The manned Chinese space program is for purely propaganda purposes, just like the American and Russian programs. There is really nothing useful for people to do up there at present. The success of the Chinese communist government, never as ideologically pure as other communist governments, is based on nationalism. They are a reaction to the depradations of the western powers and Japan committed in the 19th and early 20th centuries. Foreign domination was a shameful blow to a people who had (often justly) considered themselves the pinnacle of civilization. This mission is just to demonstrate that China is at the forefront of nations.

    Njorl
     
  10. Oct 20, 2003 #9

    drag

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    Go China ! :smile:
    Hope this'll help start a new space race - to Mars
    this time, and improve aerospace technologies ! :smile:
     
  11. Oct 20, 2003 #10
    Heck yeah. I wonder what their next step will be. To follow America's steps and first go to the moon, start construction of their own ss or try to leap frog everyone else and be the first nation to send a man to another planet. I think they would like to do the last, but they are a long way away.
     
  12. Nov 4, 2003 #11

    Phobos

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    Congrats to China. I hope some of their enthusiasm spreads to NASA and the rest of the world.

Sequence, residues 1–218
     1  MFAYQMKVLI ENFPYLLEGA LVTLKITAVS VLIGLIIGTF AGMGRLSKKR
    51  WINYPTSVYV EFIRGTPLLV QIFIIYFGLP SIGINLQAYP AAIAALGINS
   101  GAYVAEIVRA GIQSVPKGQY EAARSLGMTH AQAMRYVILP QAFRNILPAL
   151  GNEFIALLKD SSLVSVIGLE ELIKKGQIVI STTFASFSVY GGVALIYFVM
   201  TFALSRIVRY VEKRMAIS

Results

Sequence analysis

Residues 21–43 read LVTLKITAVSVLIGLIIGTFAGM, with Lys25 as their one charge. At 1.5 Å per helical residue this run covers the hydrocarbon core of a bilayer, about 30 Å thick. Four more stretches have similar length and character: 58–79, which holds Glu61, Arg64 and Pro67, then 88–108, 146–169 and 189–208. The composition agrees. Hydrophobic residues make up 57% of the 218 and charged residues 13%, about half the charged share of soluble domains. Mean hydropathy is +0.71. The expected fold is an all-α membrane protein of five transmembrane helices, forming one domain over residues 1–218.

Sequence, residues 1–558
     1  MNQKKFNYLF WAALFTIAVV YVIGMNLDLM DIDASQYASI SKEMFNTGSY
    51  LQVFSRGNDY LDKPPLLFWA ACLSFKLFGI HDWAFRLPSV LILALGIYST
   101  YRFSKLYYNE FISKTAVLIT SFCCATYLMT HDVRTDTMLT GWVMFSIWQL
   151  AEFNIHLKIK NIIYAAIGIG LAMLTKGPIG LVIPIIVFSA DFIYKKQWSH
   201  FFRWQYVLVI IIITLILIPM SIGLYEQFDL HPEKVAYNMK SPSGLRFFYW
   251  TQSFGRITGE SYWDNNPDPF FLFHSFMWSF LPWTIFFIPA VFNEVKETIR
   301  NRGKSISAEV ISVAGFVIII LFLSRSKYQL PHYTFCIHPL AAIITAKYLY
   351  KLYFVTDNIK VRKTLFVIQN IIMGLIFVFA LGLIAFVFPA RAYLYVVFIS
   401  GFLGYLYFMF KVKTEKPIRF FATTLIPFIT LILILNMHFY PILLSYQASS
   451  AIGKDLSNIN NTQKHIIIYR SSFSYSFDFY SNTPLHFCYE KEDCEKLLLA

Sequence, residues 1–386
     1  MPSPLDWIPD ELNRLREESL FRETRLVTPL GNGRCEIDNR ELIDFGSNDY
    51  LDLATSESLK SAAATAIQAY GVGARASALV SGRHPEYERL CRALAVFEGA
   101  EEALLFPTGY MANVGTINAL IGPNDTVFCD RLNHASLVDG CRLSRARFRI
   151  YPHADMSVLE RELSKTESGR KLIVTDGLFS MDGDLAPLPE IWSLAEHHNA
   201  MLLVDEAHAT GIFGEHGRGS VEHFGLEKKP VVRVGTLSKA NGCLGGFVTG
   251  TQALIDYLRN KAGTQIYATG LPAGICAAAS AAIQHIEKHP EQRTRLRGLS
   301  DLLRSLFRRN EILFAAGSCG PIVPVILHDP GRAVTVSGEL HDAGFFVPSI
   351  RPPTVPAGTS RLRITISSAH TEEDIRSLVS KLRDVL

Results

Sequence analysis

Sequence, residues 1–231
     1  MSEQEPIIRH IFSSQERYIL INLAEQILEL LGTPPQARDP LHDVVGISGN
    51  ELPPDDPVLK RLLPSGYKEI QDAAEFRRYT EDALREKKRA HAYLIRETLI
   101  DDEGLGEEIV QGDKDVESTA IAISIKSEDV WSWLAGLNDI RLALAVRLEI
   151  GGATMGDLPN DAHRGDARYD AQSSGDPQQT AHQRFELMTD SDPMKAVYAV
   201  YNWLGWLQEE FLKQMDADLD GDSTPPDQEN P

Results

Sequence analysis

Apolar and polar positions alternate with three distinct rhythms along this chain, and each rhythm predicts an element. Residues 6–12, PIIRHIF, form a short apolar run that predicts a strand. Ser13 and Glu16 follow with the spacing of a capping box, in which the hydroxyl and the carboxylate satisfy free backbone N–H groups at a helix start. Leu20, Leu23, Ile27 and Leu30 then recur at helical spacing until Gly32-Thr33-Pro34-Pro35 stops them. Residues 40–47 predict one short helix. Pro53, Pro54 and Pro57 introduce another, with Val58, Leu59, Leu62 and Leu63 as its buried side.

13. Nov 4, 2003 #12

    enigma

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    The idea of China beating us to Mars is a little funny.

    Their spacecraft is basically a Russian Soyouz, modified so that the half which the Russians jettison can be left in space and built up. The thing which will basically cripple any attempt to get to Mars, and to a lesser extent, the moon is the space constraints of their spacecraft. The astronauts (cosmonauts... er... what are the Chinese calling them?) have to sit with their knees tucked up under their chins with their feet toucing their butts. Try sitting in that position for a week, let alone a month. Comfy.

    They still have a looong way to go.

    I do hope they team up with the international community and extend humanity at a whole's reach into space, although I doubt they'll get very far by themselves anytime soon.
     
  14. Nov 5, 2003 #13

    drag

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    Indeed. They are a loooong way from even a lunar landing mission.